[capi-sig] An unexpected visit_decref assertion violation (code works with 2.4, not with 2.5)

Campbell Barton ideasman42 at gmail.com
Fri May 1 04:29:15 CEST 2009

Hi Joe,
Start off by saying I don't know the answer to your problem, but will
try give some hints.
Unless anyone else has encountered this problem you could also mail
the python dev's about this too since they are more likely to know
about changes in pythons internals.
Though with obscure changes in python I have found your usually on your own :|
You might better pinpoint the cause of the problem by building python
from svn and finding the revision that broke it.

For doing any py/C api work I find it essential to build my own python
and keep the source in the build dir so I can step through python
the configure flag for debugging didnt work well for me either so I build wth
 ./configure --prefix=/opt/python/ --with-pydebug
 make CFLAGS="-O0 -g3 -fno-inline"; make install

Maybe this is obvious too but in gdb some useful commands when
stepping through pythons internals (where ob is a PyObject).
p *ob->ob_type
 ...lets you quickly see the type which can give you a hint as to whats going on
p PyObject_Print(ob, stderr, 0)

Should probably use gdb macro's but I have this function for quicker
printing, also means you dont have to check for NULL values before
printing (which will segfault).

void PyObSpit(char *name, PyObject *var) {
	fprintf(stderr, "<%s> : ", name);
	if (var==NULL) {
		fprintf(stderr, "<NIL>");
	else {
		PyObject_Print(var, stderr, 0);
	fprintf(stderr, "\n");

Interesting converting C++ to python, out of interest are you
inheriting the C++ class as a PyObject?
for Blender3D's game engine api I recently reworked some of the
python/C++ integration based on an API from 1997!
We have our own ref-counting going on, so this mixed with pythons
quite badly - now the PyObjects are member of the class which I find
more flexible.

On Thu, Apr 30, 2009 at 12:30 PM, Joe Ardent <jardent at ilm.com> wrote:
> Hello,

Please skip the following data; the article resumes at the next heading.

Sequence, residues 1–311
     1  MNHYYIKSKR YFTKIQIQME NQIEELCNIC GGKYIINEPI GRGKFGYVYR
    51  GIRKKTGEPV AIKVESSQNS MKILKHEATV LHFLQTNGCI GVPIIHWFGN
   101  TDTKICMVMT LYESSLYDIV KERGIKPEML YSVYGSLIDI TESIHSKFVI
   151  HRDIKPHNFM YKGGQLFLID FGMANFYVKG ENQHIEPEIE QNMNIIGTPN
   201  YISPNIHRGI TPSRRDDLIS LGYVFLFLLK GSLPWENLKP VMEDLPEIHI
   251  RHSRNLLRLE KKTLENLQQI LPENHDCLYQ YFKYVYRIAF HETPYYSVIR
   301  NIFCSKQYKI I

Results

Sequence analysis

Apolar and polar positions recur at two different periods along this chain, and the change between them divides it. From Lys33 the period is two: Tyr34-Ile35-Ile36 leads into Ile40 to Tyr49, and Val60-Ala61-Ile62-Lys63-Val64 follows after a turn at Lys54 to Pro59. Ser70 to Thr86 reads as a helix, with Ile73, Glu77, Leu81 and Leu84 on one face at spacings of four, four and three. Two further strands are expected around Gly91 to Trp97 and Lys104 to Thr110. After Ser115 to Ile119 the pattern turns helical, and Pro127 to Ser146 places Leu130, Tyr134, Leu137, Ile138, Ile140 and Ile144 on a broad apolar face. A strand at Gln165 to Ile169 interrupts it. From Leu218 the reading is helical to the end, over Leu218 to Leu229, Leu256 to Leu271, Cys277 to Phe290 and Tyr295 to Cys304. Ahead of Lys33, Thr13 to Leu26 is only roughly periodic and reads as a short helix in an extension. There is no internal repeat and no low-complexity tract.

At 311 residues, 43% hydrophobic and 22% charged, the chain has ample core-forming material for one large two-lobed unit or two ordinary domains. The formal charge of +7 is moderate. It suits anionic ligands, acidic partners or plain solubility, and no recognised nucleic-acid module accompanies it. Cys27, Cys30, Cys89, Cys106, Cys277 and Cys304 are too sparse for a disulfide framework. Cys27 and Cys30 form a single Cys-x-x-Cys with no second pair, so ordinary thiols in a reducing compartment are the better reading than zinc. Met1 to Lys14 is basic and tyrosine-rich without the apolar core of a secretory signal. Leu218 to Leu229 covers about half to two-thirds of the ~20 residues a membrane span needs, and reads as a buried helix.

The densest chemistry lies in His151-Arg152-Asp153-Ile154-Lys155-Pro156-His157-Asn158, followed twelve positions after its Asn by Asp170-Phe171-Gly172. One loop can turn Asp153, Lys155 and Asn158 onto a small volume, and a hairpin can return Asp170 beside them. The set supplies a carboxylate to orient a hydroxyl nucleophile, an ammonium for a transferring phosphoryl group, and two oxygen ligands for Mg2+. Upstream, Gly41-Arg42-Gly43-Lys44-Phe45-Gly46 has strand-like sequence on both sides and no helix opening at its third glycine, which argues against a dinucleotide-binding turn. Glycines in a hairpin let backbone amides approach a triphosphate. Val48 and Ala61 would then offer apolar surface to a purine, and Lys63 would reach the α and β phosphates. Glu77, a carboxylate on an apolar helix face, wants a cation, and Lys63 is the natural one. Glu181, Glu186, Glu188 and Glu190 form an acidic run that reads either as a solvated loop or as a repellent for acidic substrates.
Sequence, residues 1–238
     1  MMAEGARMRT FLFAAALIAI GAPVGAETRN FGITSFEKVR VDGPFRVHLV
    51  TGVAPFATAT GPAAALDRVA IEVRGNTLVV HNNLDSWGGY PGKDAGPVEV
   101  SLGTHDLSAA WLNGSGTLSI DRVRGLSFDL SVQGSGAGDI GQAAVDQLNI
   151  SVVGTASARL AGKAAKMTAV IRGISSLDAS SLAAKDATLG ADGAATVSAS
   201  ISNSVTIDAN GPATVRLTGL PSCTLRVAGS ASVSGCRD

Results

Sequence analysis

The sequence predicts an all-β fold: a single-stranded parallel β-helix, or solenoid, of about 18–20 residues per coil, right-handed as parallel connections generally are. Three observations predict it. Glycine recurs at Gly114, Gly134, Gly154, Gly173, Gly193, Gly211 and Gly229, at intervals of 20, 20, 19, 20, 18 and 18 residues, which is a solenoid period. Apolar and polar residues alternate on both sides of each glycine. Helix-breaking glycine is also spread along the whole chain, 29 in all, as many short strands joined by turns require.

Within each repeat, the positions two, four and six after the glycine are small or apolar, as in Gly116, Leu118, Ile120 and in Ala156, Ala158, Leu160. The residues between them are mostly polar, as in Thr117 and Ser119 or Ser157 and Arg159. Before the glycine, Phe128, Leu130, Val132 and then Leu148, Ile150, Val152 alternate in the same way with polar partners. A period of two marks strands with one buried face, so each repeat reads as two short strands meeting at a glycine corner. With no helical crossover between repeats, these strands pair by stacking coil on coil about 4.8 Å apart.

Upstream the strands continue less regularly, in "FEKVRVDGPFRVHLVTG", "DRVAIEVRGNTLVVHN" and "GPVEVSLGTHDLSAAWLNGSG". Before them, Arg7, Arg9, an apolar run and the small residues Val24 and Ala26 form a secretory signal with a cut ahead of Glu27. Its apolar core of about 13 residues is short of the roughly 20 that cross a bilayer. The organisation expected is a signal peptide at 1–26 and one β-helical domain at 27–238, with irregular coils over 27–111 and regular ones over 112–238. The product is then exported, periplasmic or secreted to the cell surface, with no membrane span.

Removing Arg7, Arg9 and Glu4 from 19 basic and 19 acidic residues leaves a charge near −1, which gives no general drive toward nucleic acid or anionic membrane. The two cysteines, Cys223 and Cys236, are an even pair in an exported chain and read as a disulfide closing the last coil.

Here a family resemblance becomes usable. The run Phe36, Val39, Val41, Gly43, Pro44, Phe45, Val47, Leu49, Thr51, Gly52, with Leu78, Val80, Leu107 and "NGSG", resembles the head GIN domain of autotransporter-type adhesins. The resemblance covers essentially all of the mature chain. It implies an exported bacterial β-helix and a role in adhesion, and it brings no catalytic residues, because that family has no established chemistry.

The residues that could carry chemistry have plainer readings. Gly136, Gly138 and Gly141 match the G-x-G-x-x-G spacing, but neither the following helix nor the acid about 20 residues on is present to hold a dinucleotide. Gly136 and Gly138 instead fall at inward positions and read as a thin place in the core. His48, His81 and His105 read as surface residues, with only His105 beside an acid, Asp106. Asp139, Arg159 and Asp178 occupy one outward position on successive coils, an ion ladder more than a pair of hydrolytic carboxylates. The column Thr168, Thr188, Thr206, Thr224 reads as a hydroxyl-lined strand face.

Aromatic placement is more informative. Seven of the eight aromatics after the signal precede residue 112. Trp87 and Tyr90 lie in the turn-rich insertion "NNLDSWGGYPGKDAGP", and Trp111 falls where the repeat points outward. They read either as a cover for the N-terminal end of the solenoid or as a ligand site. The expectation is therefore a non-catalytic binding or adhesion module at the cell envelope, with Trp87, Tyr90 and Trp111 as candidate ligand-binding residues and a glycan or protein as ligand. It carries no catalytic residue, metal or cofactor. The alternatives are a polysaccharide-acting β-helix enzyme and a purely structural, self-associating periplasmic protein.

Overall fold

> I have a Python module here that takes a bunch of C++ classes, and turns
> them into Python classes.  When built against and loaded into Python 2.4,
> everything is fine.  But when built against and loaded into Python 2.5, I
> get an assert violation from Python's gc module.  Here is the code that is
> failing:
>    klass = PyClass_New(bases, classDict, className);
>    if (klass && methods) {
>        /* add methods to class */
>        for (def = methods; def->ml_name != NULL; def++) {
>            printf( "IlmPyClass: %d, def = %s\n", __LINE__, def->ml_name);
>            PyObject *func = IlmPyClass_NewFunction(def);
>            if (!func) {
>                Py_XDECREF(klass);
>                return NULL;
>            }
>            printf( "We get here\n" );
>            func = PyMethod_New(func, NULL, klass); //this line fails
>            printf( "We don't get here\n" );
>            # .......
>        }
>    }
> The output of 'python2.5 -c "import mymod"' is:
> """
> [.... snip a bunch of "we get here, we don't get here" etc. as things fail
> to fail...]
> IlmPyClass: 197, def = __init__
> We get here
> python2: Modules/gcmodule.c:276: visit_decref: Assertion `gc->gc.gc_refs !=
> 0' failed.
> Abort
> """
> The obvious things, such as Py_INCREFing klass or func, do not work.
> What's extra strange, in addition to this code working fine in an
> earlier python version, is that this code works fine for most of the
> classes that are instantiated.
> What I really want to do, though, is see what exactly is being decref'd.
>  Does anyone have any tips for doing this?  I've already tried using a debug
> build of Python; it doesn't seem to provide that type of ref tracing.
>  Thanks in advance for any tips or insights.
> --
> Joe Ardent
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- Campbell

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